|Publication number||US4934706 A|
|Application number||US 07/448,784|
|Publication date||Jun 19, 1990|
|Filing date||Dec 11, 1989|
|Priority date||Dec 11, 1989|
|Publication number||07448784, 448784, US 4934706 A, US 4934706A, US-A-4934706, US4934706 A, US4934706A|
|Inventors||Perry C. Marshall|
|Original Assignee||Marshall Perry C|
|Export Citation||BiBTeX, EndNote, RefMan|
|Patent Citations (5), Referenced by (45), Classifications (7), Legal Events (5)|
|External Links: USPTO, USPTO Assignment, Espacenet|
This invention relates, generally, to devices having utility as golf training aides. More particularly, it relates to a device that indicates whether or not a golfer is holding a club properly.
The lie angle of a club head is the angle between the center line of the hosel bore and the groundline at a point tangent to the center line of the club head base.
If the toe of a right-handed club head is tilted up at the moment the club head face impacts a ball, the face will be aimed to the left and the ball will thus travel to the left of its intended path of travel. Conversely, if the toe of a right-handed club head is tilted down, i.e., if the heel is tilted upwardly, the shot will go to the right.
The angle of the face of course determines the loft of the club head; the greater the loft, the more off the target line the face will be at impact if the club is not held at the proper lie angle. If a golfer uses a club having a shaft that is too long for that golfer, the golfer will tend to raise the toe of the club head and thereby make an off target shot. Conversely, if a club shaft is too short for the golfer, the heel of the club will be raised and an off target shot in the opposite direction will occur. Thus, every club in a golfer's bag should be of a length that allows the golfer to hold the club so that the line tangent to the sole of the club head is parallel to the groundline.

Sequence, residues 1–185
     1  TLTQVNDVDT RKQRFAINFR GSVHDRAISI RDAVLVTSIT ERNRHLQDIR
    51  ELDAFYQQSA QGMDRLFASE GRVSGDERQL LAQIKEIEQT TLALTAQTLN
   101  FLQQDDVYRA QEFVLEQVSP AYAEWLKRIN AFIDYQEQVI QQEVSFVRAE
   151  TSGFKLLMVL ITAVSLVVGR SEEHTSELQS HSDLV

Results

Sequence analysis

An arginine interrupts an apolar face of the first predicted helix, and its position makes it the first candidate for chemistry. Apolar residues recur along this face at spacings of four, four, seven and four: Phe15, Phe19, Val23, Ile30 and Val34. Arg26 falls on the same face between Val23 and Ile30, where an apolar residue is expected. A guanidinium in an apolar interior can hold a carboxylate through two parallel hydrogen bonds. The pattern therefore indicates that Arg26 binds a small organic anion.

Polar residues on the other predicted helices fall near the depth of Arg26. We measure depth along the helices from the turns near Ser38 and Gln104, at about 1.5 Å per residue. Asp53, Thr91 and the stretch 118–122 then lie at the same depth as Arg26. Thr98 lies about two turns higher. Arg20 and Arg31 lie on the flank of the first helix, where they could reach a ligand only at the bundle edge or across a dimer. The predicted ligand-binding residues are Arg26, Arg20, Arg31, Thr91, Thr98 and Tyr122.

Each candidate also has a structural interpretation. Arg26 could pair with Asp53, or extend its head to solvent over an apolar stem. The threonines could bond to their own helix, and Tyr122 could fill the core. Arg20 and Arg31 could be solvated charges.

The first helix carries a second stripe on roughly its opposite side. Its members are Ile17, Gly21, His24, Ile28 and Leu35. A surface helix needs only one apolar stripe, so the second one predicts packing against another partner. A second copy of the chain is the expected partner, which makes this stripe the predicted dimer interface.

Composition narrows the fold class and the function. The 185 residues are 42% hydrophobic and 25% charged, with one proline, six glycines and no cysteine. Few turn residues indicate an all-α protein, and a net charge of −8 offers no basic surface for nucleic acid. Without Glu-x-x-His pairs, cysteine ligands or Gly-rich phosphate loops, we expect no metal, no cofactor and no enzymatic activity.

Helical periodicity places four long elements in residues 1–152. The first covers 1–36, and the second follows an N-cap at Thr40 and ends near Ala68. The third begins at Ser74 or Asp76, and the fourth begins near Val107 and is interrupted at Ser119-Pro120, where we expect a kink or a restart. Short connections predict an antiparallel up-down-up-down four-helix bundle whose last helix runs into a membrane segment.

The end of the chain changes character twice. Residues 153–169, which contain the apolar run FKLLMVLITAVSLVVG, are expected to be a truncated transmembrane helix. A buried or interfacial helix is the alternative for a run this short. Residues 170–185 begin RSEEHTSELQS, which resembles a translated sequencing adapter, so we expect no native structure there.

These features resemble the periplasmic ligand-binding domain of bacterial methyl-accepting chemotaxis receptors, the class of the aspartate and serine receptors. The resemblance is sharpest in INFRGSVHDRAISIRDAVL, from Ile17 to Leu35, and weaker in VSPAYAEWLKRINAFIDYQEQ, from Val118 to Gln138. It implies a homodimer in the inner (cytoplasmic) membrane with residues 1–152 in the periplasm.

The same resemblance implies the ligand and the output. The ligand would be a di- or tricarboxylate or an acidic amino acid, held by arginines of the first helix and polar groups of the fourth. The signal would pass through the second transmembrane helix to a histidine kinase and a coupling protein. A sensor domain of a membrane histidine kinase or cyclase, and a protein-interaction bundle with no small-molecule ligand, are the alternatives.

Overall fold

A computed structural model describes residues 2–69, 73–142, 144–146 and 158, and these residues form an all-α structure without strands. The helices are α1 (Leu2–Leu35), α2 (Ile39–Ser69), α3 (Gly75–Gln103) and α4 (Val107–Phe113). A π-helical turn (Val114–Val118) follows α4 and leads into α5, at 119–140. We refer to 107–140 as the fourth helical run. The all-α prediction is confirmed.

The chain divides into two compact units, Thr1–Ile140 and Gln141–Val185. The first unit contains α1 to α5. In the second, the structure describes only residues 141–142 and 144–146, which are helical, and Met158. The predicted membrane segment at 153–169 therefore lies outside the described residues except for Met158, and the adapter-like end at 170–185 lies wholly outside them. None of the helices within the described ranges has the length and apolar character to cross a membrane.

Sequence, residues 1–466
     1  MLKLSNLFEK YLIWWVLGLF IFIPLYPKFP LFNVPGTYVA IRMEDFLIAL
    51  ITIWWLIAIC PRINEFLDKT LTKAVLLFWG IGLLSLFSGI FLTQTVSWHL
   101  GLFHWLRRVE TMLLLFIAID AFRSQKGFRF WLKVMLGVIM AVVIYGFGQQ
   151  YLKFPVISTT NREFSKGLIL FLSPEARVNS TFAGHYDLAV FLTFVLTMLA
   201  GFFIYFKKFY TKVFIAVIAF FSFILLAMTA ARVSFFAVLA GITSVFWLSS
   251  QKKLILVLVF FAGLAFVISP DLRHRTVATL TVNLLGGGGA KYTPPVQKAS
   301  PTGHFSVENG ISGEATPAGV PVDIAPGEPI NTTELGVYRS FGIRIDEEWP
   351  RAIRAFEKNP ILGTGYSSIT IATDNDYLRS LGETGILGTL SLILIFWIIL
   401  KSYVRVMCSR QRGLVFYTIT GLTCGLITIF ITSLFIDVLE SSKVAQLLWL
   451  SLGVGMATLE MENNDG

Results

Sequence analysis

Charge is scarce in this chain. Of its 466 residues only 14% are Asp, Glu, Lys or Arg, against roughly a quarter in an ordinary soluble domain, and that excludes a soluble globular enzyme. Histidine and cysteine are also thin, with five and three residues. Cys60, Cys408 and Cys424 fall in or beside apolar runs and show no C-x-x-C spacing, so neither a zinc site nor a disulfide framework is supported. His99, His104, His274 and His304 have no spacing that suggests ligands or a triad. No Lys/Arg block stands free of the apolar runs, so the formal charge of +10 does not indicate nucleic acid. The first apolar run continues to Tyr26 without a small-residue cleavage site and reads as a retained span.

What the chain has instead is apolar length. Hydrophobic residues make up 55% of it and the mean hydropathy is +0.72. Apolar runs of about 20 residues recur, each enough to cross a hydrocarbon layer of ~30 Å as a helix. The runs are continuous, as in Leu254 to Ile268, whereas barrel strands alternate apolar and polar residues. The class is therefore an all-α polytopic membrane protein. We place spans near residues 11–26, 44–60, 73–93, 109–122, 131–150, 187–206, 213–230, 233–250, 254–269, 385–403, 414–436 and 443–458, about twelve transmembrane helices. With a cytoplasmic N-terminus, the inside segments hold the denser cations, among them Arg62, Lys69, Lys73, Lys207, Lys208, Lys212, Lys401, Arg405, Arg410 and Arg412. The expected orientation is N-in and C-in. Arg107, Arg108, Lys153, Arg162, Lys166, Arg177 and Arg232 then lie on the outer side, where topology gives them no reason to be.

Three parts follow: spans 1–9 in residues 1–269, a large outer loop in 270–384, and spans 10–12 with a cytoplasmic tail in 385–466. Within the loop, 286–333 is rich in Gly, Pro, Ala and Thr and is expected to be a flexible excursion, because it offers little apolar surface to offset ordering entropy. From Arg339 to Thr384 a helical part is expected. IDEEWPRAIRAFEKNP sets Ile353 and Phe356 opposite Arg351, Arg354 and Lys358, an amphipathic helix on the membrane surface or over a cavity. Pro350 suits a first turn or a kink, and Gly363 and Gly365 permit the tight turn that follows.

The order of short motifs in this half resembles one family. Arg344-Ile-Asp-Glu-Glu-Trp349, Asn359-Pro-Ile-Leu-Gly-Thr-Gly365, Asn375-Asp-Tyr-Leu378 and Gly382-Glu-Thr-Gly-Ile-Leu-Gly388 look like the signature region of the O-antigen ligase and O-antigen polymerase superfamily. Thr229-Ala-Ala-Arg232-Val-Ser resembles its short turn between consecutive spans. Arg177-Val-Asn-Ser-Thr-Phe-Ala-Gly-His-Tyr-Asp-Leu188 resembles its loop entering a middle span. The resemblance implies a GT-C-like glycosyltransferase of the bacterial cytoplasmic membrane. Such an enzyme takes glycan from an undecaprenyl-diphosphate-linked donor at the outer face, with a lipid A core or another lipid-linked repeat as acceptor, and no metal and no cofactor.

However, there are no satisfactory means for determining whether or not a particular club having a known lie angle is being held improperly by the golfer. Of course, bad shots will indicate an improper holding of the club, but no training or practice aids are known to exist that will teach the golfer how to hold the club properly.
Significantly, the art teaches a trial and error approach to the correction of a golfer's swing. A common technique is to have the golfer make repeated swings at a ball on a plywood surface; a mark is placed on the sole of the club head and after a swing has been completed the mark is examined for scuff marks in a effort to determine if the golfer was holding the toe or the heel of the club too high, and if so, by how much.
Thus, there is a need for a device that enables a golfer to determine when a club is being held properly, but the prior art neither teaches nor suggests how such a device could be supplied.
The present invention is disclosed in two illustrative embodiments. In both embodiments, a transversely disposed bubble tube of linear configuration is employed to indicate whether the golf club shaft is being held in a vertical plane. A second bubble tube having a longitudinal axis of symmetry is also provided in both embodiments. However, the longitudinally aligned bubble tube is linear in configuration and rotatably mounted in the first embodiment, whereas said second bubble tube is arcuate in configuration and fixedly mounted in the second embodiment.